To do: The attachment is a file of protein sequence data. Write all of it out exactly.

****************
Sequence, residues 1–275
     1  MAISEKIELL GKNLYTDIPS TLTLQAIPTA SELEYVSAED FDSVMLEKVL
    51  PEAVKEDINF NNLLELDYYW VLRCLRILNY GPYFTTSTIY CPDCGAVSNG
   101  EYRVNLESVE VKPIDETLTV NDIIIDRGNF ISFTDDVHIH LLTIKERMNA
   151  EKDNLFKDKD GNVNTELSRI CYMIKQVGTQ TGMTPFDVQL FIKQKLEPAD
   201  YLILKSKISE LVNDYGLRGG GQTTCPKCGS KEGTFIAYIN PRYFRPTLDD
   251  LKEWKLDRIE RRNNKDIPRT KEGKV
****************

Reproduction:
Sequence, residues 1–275
     1  MAISEKIELL GKNLYTDIPS TLTLQAIPTA SELEYVSAED FDSVMLEKVL
    51  PEAVKEDINF NNLLELDYYW VLRCLRILNY GPYFTTSTIY CPDCGAVSNG
   101  EYRVNLESVE VKPIDETLTV NDIIIDRGNF ISFTDDVHIH LLTIKERMNA
   151  EKDNLFKDKD GNVNTELSRI CYMIKQVGTQ TGMTPFDVQL FIKQKLEPAD
   201  YLILKSKISE LVNDYGLRGG GQTTCPKCGS KEGTFIAYIN PRYFRPTLDD
   251  LKEWKLDRIE RRNNKDIPRT KEGKV